Three exciting writers visit...

2nd & 3rd November 2007

James Robertson, Jackie Kay and Caryl Phillips will be reading at the DCA in conjunction with the conference 'A Triangular Traffic: Literature, Slavery and the Archive', 2 & 3rd November, hosted by the University of Dundee and Dundee Contemporary Arts.

Please note that while the writers' events are free, tickets are limited - to register please complete the Conference Registration Form - PDF Version | word version.

2nd November: James Robertson 4.15 - 5.45
(DCA Meeting Room)

James Robertson is a novelist and poet based in Angus and recently served as the Scottish Parliament's first Writer in Residence. His second novel, Joseph Knight, won two major Scottish literary prizes in 2003/4 - the Saltire Scottish Book of the Year and the Scottish Arts Council Book of the Year. He has published two novels, stories, poetry, anthologies, compiled a Scottish Dictionary of Quotations and is also editor of an educational Scots imprint.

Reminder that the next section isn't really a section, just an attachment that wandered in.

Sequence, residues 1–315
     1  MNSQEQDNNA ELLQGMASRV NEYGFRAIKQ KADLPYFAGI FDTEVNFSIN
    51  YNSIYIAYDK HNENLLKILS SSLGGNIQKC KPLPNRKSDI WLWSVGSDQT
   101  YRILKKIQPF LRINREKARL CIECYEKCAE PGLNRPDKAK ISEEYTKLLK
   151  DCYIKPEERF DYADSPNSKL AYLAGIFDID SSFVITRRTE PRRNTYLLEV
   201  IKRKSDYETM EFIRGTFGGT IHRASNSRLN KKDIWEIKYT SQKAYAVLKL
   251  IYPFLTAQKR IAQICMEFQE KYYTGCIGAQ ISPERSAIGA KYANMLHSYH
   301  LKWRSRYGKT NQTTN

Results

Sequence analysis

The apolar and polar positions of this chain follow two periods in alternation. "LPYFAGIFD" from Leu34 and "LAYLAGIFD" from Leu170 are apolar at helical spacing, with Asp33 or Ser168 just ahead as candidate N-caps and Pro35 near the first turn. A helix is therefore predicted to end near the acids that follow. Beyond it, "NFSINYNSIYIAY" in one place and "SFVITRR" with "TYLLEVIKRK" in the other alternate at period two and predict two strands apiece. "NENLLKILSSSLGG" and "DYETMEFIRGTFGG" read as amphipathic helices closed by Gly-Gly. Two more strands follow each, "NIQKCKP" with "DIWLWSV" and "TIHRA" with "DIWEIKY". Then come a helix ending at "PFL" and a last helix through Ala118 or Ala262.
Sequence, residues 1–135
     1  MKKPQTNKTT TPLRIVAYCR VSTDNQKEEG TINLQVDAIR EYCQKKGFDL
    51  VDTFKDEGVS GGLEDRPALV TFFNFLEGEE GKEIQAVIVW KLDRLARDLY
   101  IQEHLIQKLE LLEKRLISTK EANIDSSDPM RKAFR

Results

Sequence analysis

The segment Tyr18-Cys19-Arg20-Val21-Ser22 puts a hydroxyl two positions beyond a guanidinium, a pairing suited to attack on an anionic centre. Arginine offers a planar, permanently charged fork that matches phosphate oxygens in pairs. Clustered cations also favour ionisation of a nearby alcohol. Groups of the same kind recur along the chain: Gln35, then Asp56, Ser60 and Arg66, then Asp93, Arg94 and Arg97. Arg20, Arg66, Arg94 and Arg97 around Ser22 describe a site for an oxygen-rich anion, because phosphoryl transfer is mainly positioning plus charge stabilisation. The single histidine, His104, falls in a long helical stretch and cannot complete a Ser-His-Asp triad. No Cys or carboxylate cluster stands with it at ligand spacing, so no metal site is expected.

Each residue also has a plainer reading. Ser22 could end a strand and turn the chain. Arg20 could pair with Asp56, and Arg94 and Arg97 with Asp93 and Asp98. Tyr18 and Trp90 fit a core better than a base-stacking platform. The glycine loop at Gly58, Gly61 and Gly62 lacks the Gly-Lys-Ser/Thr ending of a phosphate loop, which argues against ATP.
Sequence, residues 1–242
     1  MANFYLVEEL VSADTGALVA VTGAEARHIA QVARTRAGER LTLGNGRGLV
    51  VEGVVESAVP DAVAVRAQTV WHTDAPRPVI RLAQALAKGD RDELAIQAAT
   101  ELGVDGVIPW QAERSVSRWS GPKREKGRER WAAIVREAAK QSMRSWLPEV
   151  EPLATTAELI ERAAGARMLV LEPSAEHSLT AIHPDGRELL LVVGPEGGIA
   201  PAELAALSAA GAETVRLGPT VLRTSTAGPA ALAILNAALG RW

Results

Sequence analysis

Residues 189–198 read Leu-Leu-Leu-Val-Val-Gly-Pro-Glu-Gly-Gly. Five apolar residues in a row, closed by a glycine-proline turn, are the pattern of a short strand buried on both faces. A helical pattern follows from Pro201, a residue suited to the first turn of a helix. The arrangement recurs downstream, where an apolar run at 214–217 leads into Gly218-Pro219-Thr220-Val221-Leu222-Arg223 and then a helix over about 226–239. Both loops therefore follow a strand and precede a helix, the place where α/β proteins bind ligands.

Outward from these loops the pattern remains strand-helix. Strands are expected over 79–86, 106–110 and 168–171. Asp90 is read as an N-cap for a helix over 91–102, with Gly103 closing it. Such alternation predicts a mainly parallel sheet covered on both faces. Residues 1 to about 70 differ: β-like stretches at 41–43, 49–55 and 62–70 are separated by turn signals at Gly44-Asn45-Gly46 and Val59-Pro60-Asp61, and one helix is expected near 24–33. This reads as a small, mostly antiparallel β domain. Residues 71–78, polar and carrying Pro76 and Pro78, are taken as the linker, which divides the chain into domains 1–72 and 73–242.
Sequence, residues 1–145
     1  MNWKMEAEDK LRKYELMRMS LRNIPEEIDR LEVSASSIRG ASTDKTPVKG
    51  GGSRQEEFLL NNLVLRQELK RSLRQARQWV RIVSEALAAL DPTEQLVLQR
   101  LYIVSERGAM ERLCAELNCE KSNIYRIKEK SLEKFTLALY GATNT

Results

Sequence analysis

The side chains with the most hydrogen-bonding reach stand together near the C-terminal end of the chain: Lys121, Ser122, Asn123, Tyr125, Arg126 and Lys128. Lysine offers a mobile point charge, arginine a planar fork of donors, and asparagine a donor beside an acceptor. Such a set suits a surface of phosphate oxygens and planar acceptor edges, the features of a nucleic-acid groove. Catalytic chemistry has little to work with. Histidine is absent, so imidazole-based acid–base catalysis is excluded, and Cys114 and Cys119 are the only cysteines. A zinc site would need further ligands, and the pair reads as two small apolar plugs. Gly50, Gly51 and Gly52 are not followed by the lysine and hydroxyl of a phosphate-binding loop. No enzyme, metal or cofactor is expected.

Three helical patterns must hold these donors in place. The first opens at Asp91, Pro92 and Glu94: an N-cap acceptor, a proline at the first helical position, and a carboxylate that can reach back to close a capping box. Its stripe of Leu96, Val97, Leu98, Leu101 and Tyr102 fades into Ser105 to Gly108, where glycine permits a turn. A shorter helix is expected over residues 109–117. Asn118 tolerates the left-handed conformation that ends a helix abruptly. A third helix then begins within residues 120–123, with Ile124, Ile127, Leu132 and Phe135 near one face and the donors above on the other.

james robertson

3rd November: Jackie Kay 4.30 - 5.45
(DCA Meeting Room)

Jackie Kay is Professor of Creative Writing at Newcastle University. She is one of the best-loved of contemporary poets in Britain today, equally at home in adults and children's literature, in poetry, fiction and drama. Her most recent play, The Lamplighter was commissioned to mark the bi-centenary of the Abolition of the Slave Trade Act. Her poetry and fiction has won many awards including the Saltire Society Scottish First Book of the Year Award, Scottish Arts Council Book Award, Signal Poetry Award, Somerset Maugham Award, Guardian Fiction Prize, Authors' Club First Novel Award, Cholmondeley Award and British Book Awards Decibel Writer of the Year. She was awarded an MBE in 2006.

jackie kay

3rd November: Caryl Phillips 6.30 - 7.45
(DCA Meeting Room)

Caryl Phillips, is Professor of English at Yale University. He writes fiction, drama and travel narratives, and much of his writing has focused on the issues of identity, home and belonging. His most recent novel, Foreigners, retells the tragic lives of three black Englishmen - Frances Barber (Samuel Johnson's slave), Randolph Turpin (Britain's first black World champion boxer) and David Oluwale (a victim of police brutality) who were positioned as foreigners in English society. Phillips has won numerous prizes, including the James Tait Black Memorial Prize, the Lannan Literary award, and has been shortlisted for the Booker Prize and the Commonwealth Writers Prize. He is a Fellow of the Royal Society of Literature.


© Laurent Denimal